The Cardinals had a big offseason entering 2019, and acquired themselves a six-time all-star, and they still weren't the favorites to win the NL Central. Now, the Cardinals have some separation in the division after an NLCS visit, but it is still a long way from the end of the season, and the Cards could easily regress.
Offseason additions: IF Brad Miller, OF Austin Dean, LHP Kwang-hyun Kim
Offseason subtractions: OF Marcell Ozuna, OF Jose Martinez, RHP Michael Wacha, IF Yairo Munoz, RHP Dominic Leone, OF Randy Arozarena, LHP Chase Shreve.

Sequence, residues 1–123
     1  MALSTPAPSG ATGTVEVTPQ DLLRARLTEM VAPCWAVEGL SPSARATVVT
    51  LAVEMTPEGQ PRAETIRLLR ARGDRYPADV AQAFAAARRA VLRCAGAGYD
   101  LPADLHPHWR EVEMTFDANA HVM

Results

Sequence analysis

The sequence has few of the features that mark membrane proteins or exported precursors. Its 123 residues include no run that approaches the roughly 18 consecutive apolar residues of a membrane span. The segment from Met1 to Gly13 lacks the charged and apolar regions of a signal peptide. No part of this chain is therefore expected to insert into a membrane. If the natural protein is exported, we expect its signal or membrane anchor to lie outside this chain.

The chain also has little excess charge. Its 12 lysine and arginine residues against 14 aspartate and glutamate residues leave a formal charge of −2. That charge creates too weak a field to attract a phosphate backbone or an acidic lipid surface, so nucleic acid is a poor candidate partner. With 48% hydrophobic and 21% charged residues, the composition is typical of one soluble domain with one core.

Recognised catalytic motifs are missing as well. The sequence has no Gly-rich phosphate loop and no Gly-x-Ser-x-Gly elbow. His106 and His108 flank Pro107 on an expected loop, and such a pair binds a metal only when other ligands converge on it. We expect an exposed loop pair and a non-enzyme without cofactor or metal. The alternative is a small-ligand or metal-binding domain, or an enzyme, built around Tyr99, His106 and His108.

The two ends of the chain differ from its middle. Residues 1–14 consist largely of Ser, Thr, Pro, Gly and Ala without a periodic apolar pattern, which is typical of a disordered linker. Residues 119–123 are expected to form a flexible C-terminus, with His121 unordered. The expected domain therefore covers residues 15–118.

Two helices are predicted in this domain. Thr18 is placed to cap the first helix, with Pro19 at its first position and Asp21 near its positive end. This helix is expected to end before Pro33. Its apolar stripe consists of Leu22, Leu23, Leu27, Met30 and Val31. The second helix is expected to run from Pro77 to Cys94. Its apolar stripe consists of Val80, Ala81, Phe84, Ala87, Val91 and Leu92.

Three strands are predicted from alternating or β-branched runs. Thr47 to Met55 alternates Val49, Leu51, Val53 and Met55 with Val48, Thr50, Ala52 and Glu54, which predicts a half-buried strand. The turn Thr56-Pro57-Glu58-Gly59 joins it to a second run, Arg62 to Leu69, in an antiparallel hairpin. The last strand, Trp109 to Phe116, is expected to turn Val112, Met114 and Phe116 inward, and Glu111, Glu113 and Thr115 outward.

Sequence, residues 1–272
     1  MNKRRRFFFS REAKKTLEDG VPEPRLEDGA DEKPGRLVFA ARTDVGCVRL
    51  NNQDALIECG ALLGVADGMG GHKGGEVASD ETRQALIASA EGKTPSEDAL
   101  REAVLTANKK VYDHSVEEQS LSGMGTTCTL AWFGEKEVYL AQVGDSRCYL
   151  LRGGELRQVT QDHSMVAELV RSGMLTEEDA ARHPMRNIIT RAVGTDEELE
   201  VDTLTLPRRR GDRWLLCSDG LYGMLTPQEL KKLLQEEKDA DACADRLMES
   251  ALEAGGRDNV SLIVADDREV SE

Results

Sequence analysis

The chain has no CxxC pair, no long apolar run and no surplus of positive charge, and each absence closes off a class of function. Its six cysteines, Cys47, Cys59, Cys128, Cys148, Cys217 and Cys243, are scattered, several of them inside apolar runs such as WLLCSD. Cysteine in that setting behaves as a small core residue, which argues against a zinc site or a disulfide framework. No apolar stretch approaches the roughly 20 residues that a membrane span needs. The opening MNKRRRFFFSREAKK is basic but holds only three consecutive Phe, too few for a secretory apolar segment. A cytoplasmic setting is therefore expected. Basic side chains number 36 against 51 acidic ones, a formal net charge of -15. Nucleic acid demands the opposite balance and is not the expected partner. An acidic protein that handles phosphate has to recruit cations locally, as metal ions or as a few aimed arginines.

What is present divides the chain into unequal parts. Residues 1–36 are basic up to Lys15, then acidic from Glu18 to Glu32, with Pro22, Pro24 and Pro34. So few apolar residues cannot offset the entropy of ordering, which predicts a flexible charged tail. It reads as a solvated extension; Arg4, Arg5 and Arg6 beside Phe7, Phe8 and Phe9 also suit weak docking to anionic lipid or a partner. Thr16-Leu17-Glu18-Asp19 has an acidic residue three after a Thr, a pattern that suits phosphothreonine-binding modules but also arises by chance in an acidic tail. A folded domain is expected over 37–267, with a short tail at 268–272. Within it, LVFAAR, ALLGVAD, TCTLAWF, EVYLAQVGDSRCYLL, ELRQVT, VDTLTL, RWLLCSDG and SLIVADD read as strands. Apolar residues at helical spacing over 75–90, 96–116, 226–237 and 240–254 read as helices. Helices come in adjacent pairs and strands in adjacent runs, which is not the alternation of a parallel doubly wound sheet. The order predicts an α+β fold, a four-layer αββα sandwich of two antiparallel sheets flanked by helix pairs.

The best part of the season last year for the Cardinals might have been Jack Flaherty's transformation into a bona fide ace. Flaherty had a 4.17 ERA entering the final two months of the season, but he had a 0.71 ERA in August, and a 0.82 ERA in September to lower his final ERA to 2.75 on the year, finishing 4th in Cy Young voting. Flaherty led the league with a 0.968 WHIP and a 6.2 H/9, and he had 231 Ks in 196 innings. Flaherty's slider had a .153 xBA against, plus a whiff rate of 46.1%. After signing a four year, $68 million extension, Miles Mikolas regressed, as he allowed seven more hits than he did in 2018, but pitched in 16.2 less innings. Mikolas went from leading the NL in wins with 18 in 2018 to leading the league in losses with 14 in 2019. His ERA also dropped off from 2.83 to 4.16. Mikolas struck out 144 batters in 184 innings pitched. Mikolas has a career BB% of just 3.9 percent. Dakota Hudson had a very good rookie season, finishing 5th in NL Rookie of the Year voting, with a 3.35 ERA and 136 strikeouts in 174.2 innings. Hudson does have a walk issue, allowing a league-high 86 base on balls in 2019. Adam Wainwright is back for his 15th season as a Cardinal. Wainwright's 2019 might have been his best season since he was a Cy Young finalist in 2014. Wainwright, who will turn 39 during the season, had a 4.19 ERA with 153 strikeouts in 171.2 innings, although his 1.2 HR/9 was the highest of his career. Wainwright's infamous curveball is still potent, and while it had an improved 2749 rpm spin rate, it got less swing-and-misses (percentage, not total number) and had a worse average than it did in Wainwright's eight starts in 2018. The Cardinals could move Carlos Martinez back to starter, without a definitive 5th starter, but he is needed at closer after Jordan Hicks opted out. However, they signed Japanese veteran Kwang-Hyun Kim to a two-year deal, and Kim will likely win out the job. Kim, who will be 32 by Opening Day, had a 2.51 ERA with 180 strikeouts in 190.1 innings for the SK Wyverns, his KBO team since he was 18.